3 Tablespoons Spelt flour
2 tablespoons Garlic Gomasio (contains sesame seeds, sea salt & garlic) or salt to taste
pepper to taste
2 fillets Ono (Wahoo)
Coat the fillets of Ono on both sides with the dry mixture.

Heat a skillet and add1 tablespoon ghee or olive oil. Fry the fish fillets at a fairly high heat for several minutes on each side, until just barely done, then remove to a plate and set aside.

Turn the heat off and allow skillet to cool slightly. Add 1 cup white wine to the pan (carefully) turn heat back up to high and reduce by about half, then add 1/2 cup coconut
milk (thick) and stir well, sprinkling in some of the remaining dry seasoning mix, stirring all the while. When it has thickened enough, pour over the fish and serve with your pia (or potatoes or rice).

There it is, that crusty, tangy coating in the creamy sauce is unbeatable in my humble opinion. Ono in Hawaiian means good, and it certainly is.


Fast, But not Fast Food

The weather is so hot, I'm into whatever edibles are quick and easy. Here, I definitely do not mean "Fast Food", so called. By way of another blog, I linked to Michael Pollan's recent NY Times article on the subject, "Out of the Kitchen, Onto the Couch", which was entertaining as well as excellent. Most TV cooking shows are all about keeping viewers and selling product, not really about encouraging us to cook food ourselves. However, I did disagree with one statement, he makes: "yet all American women now allow corporations to cook for them whenever they can." Mr. Pollan needs to read some of the thousands of food blogs floating around the internet. We have proven that idea wrong, many times over.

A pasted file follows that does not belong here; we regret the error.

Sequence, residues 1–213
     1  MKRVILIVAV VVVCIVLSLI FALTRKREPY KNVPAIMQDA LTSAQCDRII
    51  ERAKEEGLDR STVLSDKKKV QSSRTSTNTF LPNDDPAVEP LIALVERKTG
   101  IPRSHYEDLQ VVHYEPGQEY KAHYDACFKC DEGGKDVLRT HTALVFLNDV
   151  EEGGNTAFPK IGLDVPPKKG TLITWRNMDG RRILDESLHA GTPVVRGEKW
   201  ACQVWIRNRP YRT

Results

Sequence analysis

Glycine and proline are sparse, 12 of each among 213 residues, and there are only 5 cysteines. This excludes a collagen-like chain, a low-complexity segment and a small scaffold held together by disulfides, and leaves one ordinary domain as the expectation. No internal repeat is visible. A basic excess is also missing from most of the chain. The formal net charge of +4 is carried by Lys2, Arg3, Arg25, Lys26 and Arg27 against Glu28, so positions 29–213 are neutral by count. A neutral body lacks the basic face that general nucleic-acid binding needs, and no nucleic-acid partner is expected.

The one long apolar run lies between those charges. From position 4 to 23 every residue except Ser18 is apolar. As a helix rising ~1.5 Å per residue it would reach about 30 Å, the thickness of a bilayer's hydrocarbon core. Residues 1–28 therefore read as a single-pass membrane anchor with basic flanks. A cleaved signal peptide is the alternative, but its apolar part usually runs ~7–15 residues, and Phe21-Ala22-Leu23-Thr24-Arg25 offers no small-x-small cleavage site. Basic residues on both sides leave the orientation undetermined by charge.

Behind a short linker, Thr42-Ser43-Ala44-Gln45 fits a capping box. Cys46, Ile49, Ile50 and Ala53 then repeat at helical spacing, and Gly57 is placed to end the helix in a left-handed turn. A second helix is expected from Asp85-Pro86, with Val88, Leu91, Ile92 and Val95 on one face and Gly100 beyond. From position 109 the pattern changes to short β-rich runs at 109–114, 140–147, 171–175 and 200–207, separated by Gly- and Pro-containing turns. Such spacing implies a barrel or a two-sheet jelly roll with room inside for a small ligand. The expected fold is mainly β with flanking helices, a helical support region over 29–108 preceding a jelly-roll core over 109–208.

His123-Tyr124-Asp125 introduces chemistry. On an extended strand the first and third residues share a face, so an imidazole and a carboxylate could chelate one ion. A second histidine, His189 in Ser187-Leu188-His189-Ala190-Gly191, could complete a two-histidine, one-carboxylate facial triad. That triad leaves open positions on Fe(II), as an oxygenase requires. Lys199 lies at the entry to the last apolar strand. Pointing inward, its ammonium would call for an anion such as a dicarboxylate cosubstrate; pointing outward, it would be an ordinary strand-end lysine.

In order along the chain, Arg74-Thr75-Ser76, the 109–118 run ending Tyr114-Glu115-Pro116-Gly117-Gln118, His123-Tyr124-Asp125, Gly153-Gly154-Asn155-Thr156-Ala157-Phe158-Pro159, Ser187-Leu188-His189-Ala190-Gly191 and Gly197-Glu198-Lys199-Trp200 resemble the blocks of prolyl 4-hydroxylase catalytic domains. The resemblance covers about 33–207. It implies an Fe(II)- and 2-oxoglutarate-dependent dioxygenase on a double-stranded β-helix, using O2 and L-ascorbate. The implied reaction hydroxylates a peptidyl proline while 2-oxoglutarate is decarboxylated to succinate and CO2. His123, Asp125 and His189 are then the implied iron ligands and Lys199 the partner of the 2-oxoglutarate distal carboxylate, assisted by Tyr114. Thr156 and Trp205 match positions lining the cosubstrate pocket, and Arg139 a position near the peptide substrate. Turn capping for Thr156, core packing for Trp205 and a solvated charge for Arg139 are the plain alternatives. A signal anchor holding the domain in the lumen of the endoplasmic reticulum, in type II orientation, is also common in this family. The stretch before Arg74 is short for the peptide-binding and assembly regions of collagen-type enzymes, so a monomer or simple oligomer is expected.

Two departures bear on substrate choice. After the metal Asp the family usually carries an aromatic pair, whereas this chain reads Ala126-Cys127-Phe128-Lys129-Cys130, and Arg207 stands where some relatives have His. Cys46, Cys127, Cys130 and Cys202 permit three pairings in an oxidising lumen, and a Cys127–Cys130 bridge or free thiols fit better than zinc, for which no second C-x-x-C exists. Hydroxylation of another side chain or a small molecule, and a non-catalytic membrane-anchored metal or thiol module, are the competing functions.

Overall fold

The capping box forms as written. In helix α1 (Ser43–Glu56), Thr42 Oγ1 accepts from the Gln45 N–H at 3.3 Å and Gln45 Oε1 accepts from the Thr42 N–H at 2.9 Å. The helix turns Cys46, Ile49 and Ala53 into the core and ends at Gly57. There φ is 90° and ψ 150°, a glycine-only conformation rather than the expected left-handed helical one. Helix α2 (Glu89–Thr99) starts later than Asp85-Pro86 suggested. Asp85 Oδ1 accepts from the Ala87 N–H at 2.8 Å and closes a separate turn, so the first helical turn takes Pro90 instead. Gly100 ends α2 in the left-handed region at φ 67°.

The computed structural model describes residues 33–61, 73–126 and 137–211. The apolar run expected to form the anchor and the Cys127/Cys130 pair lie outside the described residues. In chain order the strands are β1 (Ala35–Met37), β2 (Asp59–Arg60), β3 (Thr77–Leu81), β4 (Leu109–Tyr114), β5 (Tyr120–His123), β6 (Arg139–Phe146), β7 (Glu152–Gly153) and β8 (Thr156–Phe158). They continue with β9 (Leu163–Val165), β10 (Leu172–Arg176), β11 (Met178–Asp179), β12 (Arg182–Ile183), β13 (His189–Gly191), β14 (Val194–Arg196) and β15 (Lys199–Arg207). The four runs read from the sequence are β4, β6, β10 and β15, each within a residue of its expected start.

This was my lunch yesterday. Since it was so colorful, tangy and downright tasty, and being a blogger, of course I had to take it's picture. The Summer Salad took less than 5 minutes tops to assemble. I started by dumping into a salad bowl the following:

Fast and Easy Summer Salad
1 cup of cooked, marinated, cold white beans
1 handful of arugula leaves
3-4 cloves pickled garlic (or to taste)
3 or 4 halved Kalamata olives
5 or 6 cherry tomatoes (or a sliced larger one)
Ricotta or Feta crumbled on top
Toss all together

Yes, it does help to have a jar of your own beans marinating in the fridge. And, pickled garlic, but you get the idea - whatever you do have pickling or marinating will likely work. I had just made another batch of Feta and Ricotta, but that's usually a staple anyway. Great on a hot summer day, or for dinner in a larger amount with some fresh bread.


Honolulu Trip

We had another of those Anniversary deals. They come once a year and always seem to amaze me that, yes we're still hanging in there. And, I still laugh at his silly jokes. Only now getting around to posting on this. We usually go back to the scene of the crime - Honolulu - and this year was no exception. He was romantic enough to want our picture in front of St. Pat's where it all began. Would you believe 44 years ago?

We stay at the same hotel every time we go and still think it's great. Which it is, if you're not into Waikiki stuff. The Executive Center, downtown, 39th or 40th floor.

And, then there's my favorite: Roy's! Though, it's a lot less innovative than when we first went, a few years back. Which Bob appreciates. I, on the other hand, happen to love surprises. And creativity with food. One of those compromise things.


Pineapple Mint Sorbet

It's always delightful when our pineapples start turning just that bit of gold, signaling ripeness. Though it never fails that I anticipate sooner, and pick one before it's ready. This years poor specimen is sitting on a shelf waiting for signs of edibility. It's not like in the market where you can easily pick one up, and sniff for that fragrant pineapple smell. When fruit is on the plant, it would require getting down among the prickly leaves, so I usually just look for the color, and then, do the pull-on-a-leaf-to-see-if-it-is-loose test. Obviously not always infallible. These are what locally we call White Pineapples, and are fully ripe when only partly yellow. They are the best and sweetest of any variety known to man. I am not kidding.